A couple of people have gotten in touch with me after a previous post on my experience doing a ten day silent meditation course, asking me about it and about other introductions to meditation that are out there. Long story short, you’ve found the wrong person. I’m certainly no expert, but I’ll give you my input in case it’s of some use… consider it help from a layman to a layman.
First things first, just make a commitment to meditate and start. Decide on an amount of time that you will sit calmly in a quiet place each day. It’s important to minimise distractions so if you are doing this at home make sure to let the other people in the house know not to disturb you. I’d recommend starting by committing to just five or ten minutes of meditation each day. The actual meditation part is easy to describe. All you have to do is to focus on your breathing, trying to avoid other thoughts that pop up to distract you. There are tonnes of meditation methods out there, but I would recommend just focusing on your breathing. Nothing else. Don’t visualise something, chant something, count your breaths or anything like that. It makes it easier to concentrate in the short term, but I think it’s detrimental in the long run…. because at the end of the day you are just replacing the distraction of your thoughts with the distraction of whatever else you’ve decided to focus on. However, if you want to start this way, go ahead. I myself started by counting on each exhale from one to ten, and then repeating that for the whole meditation period, so who am I to talk?
Next, get yourself a meditation timer. I’m not much for old-school things so I’d recommend this app (Android of course) by Neill Alexander: Meditation Helper. It’s strictly no frills but is designed very well. The app shuts off all your phone’s various potential interruptions so that you don’t get distracted.
Other resources: There are tonnes of resources out there to help you get started. Take a look at this post about meditation on The Kindness Challenge, a blog run by a friend that I met in California 5 years ago (has it been that long?!): Alison Cebulla. I also recommend the Secular Buddhist site as they have interesting podcasts that you can listen to to get you started. Every so often they run a month-long meditation challenge which is simply a way to keep you motivated to meditate. You sign up and each day you get a reminder to meditate for the day (for however many minutes you’ve committed to meditate) and a topic to focus on. They also have far more links to useful resources than I will be putting in this post!
Taking a course: As for doing actual courses with teachers to help you, I think this is the best approach. Having a structure helps keep you disciplined when you are starting out with meditation, and you can ask questions about anything you don’t understand. It also helps to regularly hear from an expert that the difficulty concentrating that you will certainly experience are completely normal. You just have to choose the right course for you, which admittedly can be difficult. I tried visiting a few meditation temples over the years, Thai and Zen Buddhism and the like , but the religious aspects always put me off. If you’re interested in that side of it, then go for it. Usually you will find monks in any temple who are more than happy to help. I’ve never done any courses like these myself, so I can’t be of any use with recommendations here. However, I learned how to meditate by doing a secular Vipassana course, so understandably most of this post will be about that. You can read about my experience on one of the ten day silent courses here.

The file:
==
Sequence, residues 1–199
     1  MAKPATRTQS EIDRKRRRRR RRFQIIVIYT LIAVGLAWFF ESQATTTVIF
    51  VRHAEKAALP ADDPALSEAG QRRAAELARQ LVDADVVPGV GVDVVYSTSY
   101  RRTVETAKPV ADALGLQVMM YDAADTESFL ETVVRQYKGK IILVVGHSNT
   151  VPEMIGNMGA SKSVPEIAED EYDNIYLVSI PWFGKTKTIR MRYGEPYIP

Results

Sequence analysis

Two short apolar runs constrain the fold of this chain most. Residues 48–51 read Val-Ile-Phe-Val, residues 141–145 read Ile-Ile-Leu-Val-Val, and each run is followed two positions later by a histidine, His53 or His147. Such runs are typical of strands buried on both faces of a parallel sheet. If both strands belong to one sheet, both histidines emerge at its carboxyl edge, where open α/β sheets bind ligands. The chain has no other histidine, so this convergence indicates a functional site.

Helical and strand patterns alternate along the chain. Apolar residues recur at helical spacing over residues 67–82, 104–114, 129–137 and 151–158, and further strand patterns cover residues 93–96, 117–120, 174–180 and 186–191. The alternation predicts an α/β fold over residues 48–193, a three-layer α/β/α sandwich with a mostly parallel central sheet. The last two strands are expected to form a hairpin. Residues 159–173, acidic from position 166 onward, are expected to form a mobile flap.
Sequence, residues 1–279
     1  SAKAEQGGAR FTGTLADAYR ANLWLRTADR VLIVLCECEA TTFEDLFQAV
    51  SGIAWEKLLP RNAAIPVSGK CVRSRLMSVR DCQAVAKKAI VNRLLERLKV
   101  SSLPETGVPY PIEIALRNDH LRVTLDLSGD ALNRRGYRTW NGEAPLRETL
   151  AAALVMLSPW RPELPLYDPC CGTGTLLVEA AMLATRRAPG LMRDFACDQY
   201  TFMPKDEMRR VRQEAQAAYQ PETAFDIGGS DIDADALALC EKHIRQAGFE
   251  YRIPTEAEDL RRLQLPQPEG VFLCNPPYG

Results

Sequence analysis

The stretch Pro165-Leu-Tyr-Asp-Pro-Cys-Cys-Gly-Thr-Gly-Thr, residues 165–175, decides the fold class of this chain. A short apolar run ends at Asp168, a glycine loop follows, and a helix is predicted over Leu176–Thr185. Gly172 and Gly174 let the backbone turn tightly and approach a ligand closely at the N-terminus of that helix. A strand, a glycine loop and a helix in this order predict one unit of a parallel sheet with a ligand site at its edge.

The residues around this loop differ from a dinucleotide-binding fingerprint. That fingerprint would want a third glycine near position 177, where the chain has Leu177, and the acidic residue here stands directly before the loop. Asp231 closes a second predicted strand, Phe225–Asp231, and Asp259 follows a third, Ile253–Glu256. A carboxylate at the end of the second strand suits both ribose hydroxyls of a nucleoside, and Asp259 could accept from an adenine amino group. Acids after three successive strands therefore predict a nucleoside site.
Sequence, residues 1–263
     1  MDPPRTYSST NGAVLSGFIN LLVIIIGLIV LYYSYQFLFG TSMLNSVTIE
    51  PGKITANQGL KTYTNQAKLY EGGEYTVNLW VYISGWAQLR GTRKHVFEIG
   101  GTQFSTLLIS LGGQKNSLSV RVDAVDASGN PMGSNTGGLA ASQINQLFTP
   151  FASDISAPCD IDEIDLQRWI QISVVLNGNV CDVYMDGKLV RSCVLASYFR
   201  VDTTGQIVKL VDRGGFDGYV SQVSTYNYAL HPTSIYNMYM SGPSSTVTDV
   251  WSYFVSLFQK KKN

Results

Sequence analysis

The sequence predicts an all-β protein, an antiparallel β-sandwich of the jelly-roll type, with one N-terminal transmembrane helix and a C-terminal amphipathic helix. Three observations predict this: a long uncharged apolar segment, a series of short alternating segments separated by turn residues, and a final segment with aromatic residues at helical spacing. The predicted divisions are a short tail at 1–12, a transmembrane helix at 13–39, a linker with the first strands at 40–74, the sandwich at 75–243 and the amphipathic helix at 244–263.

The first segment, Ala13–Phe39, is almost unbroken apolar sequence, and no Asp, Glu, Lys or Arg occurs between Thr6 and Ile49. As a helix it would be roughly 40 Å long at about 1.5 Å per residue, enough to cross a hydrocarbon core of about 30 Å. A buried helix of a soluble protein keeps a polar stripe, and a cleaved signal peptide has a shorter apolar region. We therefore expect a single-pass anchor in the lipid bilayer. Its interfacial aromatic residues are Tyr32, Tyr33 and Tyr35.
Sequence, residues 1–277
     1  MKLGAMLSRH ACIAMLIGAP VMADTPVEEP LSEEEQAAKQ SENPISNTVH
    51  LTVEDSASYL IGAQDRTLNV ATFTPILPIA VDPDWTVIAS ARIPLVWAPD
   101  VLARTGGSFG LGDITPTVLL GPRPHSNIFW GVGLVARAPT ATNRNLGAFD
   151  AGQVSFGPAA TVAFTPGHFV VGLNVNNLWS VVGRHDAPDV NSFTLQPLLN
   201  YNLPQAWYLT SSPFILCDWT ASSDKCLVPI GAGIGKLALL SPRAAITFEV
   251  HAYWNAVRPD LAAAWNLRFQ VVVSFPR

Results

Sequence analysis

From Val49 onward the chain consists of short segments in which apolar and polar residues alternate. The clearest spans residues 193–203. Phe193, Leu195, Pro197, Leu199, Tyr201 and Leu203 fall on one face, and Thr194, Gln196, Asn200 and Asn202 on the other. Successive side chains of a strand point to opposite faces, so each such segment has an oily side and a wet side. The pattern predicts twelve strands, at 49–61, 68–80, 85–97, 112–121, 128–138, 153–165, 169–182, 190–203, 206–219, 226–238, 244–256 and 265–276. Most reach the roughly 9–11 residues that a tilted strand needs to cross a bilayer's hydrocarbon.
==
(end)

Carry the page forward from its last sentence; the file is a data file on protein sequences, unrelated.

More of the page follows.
There are 160+ Vipassana centres in 110 countries all over the world that teach exactly the same course as I took, so you should be able to find one nearby quite easily. The course structure, teachings (audio and video recordings) and timetable is exactly the same everywhere, so you don’t have to worry about getting a less than ideal experience in a centre close to home. That said, I do have a few points that you might want to consider before choosing a centre:
- Choose someplace where you will find the climate comfortable. I did a course in Sri Lanka in March and the midday heat of 37°C was almost unbearable. As much as I got from the course, I think I would’ve gotten even more if I had been able to focus better during the hot hours from 11 to 3. Most of the time I was uncomfortably shifting around and just generally feeling unwell, which is something that you definitely don’t want. Colder is definitely better in my opinion – you can always put on a jumper! Eventually meditation will help you handle discomforts like this, but it can be a hindrance when you just start learning.
- Choose a centre that is located in a good place for meditation. It’s hard to tell this from the website, but some centres are located in less-than-ideally quiet areas. Have a quick Look on Google Maps to see if it’s in the middle of a city, near a major road, a noisy temple, or a load of buildings. It’s not essential, but some of the road noise was an unnecessary distraction on the course that I did.
- If you can, find a course where you have your own room. Many have dormitory style accommodation. That was the case on the course that I did. It was actually very comfortable so I have no complaints at all there, but then again none of the other twenty grown men in the dorm I stayed in were snorers. You might not be so lucky! Also, if you have your own room you can meditate there some of the time instead of in the group hall, which some people might prefer.
Hopefully this is of some help to someone out there on the intertubes. Enjoy your meditation.